Upton Jr.'s under-the-radar comeback season

Upton Jr.'s under-the-radar comeback season

This was a big year for comebacks. Alex Rodriguez returned to the Yankees to crush home runs, Prince Fielder came back from a neck injury to lead the Rangers to the postseason while posting his highest OPS since 2012, and roughly 1,800 pitchers (rounding up … barely) returned from Tommy John surgery to throw 95-mph fastballs.

But there is one player whose impressive comeback you may have missed, despite getting traded and going through a personal rebranding: Melvin Upton Jr.

Lost amid the Padres' flurry of moves and disappointing season, the less-talked-about Upton brother went on to post his highest average since 2008, his highest on-base percentage since 2011 and his highest slugging percentage since 2012. Although it came in a small sample size of just 228 plate appearances due to a foot injury that cost him April and May, it came at a time when his Major League career looked to be in danger following a .593 OPS between 2013-14.

The 31-year-old Upton's resurgence could prove key for the Padres in 2016. With Justin Upton likely on his way out as a free agent, allowing Matt Kemp and Wil Myers to move back the corners, the team could be set in center if Upton can replicate his 2015 season.

Just compare these two players from last year:

Player A: .259/.343/.399, 105 wRC+
Player B: .259/.327/.429, 110 wRC+

Player A is Brett Gardner. Player B is Upton.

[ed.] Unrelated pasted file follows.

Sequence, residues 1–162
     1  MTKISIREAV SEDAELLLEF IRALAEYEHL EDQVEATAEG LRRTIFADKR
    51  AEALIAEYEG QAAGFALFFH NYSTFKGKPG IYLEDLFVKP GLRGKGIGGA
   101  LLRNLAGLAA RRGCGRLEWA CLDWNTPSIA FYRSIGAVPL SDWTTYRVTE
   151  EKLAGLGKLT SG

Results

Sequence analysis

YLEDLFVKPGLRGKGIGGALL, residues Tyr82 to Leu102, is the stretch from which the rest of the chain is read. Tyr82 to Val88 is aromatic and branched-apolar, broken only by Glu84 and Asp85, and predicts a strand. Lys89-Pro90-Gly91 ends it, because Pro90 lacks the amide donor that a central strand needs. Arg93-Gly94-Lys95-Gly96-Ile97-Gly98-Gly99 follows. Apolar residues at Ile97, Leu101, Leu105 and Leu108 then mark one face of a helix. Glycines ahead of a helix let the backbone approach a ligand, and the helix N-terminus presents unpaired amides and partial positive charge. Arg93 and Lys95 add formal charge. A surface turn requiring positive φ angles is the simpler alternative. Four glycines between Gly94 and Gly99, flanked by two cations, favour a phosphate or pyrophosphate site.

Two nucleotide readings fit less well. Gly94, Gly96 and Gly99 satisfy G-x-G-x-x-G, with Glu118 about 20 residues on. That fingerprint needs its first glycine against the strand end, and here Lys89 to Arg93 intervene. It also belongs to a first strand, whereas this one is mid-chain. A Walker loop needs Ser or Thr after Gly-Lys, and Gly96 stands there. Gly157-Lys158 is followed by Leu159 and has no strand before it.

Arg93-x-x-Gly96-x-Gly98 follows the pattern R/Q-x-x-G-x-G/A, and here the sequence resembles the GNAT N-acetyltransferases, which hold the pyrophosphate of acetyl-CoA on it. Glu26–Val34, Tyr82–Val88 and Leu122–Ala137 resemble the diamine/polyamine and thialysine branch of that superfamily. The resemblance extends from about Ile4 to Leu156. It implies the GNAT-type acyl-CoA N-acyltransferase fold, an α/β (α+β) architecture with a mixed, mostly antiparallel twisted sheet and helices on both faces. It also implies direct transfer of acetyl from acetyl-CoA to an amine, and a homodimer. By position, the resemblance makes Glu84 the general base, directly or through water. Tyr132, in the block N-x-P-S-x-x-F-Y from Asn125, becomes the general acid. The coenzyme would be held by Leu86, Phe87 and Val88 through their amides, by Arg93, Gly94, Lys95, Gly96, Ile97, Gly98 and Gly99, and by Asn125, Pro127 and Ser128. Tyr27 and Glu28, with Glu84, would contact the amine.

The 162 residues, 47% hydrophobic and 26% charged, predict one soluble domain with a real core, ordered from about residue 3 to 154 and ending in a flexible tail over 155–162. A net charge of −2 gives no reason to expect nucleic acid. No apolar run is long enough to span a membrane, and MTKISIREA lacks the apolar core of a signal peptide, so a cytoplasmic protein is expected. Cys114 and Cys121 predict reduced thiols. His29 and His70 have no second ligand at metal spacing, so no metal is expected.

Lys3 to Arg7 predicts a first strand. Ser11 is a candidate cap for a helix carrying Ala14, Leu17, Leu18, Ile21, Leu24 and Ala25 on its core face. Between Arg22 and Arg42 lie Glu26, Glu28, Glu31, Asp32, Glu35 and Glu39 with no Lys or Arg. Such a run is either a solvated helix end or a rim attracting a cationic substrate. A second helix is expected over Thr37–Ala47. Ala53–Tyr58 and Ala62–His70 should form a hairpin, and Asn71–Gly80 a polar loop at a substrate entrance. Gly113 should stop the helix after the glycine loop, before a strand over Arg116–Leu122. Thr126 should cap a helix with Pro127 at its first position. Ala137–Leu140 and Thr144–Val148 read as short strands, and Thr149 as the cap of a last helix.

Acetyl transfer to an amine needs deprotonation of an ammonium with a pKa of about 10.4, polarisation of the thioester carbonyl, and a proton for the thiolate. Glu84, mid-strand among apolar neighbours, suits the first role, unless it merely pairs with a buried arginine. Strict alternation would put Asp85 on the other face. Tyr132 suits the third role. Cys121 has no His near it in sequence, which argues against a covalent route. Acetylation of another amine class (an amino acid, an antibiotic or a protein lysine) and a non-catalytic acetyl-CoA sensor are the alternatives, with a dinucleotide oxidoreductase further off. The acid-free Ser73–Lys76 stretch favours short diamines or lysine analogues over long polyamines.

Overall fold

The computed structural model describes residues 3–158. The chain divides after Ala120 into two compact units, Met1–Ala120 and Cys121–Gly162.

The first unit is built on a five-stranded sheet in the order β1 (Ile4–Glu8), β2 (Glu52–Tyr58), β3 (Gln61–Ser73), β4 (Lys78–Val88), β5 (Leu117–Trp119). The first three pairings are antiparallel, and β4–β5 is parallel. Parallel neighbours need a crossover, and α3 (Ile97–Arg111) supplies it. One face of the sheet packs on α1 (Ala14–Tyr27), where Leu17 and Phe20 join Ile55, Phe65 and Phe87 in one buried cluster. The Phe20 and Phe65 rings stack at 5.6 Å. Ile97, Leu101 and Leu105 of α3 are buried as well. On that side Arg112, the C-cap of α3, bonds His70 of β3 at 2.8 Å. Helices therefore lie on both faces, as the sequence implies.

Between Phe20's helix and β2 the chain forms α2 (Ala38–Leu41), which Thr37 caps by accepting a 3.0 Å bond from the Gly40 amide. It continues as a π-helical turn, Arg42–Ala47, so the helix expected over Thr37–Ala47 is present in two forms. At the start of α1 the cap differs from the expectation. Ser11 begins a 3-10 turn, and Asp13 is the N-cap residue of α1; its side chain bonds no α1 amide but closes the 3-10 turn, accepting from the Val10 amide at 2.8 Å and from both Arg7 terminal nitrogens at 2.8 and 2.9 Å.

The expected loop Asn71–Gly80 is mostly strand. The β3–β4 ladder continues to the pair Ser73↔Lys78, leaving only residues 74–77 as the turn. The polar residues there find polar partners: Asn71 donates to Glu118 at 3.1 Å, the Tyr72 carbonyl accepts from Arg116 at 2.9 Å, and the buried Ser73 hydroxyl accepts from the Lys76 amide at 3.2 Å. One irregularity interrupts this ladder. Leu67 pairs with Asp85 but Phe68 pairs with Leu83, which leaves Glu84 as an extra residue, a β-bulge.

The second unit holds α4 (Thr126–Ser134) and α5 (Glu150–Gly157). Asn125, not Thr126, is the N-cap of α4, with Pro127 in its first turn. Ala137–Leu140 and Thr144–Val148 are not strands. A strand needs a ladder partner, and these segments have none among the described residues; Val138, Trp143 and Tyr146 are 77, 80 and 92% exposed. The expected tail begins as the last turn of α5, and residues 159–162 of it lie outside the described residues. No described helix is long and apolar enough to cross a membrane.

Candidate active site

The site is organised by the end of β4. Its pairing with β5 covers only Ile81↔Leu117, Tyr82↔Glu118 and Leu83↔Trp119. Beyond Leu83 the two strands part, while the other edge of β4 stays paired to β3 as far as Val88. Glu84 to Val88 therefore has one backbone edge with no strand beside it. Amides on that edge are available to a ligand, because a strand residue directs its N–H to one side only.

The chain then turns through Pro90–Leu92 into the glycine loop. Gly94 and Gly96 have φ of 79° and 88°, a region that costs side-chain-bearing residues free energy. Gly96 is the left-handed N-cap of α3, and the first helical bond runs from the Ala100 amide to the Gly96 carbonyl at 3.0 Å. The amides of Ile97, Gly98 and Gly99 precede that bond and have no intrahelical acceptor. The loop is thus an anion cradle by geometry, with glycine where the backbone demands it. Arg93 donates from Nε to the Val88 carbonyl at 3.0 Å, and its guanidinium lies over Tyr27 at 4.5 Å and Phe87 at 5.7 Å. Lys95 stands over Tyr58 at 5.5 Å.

While Gardner struggled over the last two months, those numbers are in line with his career norms, and plenty of teams are rumored to be interested in him. At a year younger than Gardner and with his top prospect pedigree, it's not impossible Upton could repeat that line.

Although some may point to Upton's .348 BABIP as a sign of batted-ball luck that is likely to drop, he did set a career high with a 24.3 percent line-drive rate. Using a rough and simplified expected BABIP calculator says his batted balls should have dropped in at a .317 clip, and that may be underestimating the effect of playing in such a large outfield in San Diego. 

But there's reason to be concerned, too. Part of Upton's success may have come, paradoxically, from not making contact. Or, specifically, Upton didn't make contact with pitches off the plate, so he wasn't inadvertently making weak contact. While Joc Pederson's 49.1 percent contact rate on pitches outside the zone was lowest among qualified batters in 2015, Upton's was just 41.2. In fact, going all the way back to 2010, no qualified batter has had a contact rate that low. Unless Upton has discovered a repeatable trait without the corresponding ability to lay off these pitches, that doesn't seem to trend well for next year.

If Upton can hold just some of these gains, though, the Padres could then use the left-handed Travis Jankowski to form a potential platoon partnership. With Manuel Margot -- the club's new No. 1 prospect -- in the system after the Craig Kimbrel trade, one good season may be all they need. 

Michael Clair is a reporter for MLB.com. Follow him on Twitter @clairbearattack. This story was not subject to the approval of Major League Baseball or its clubs.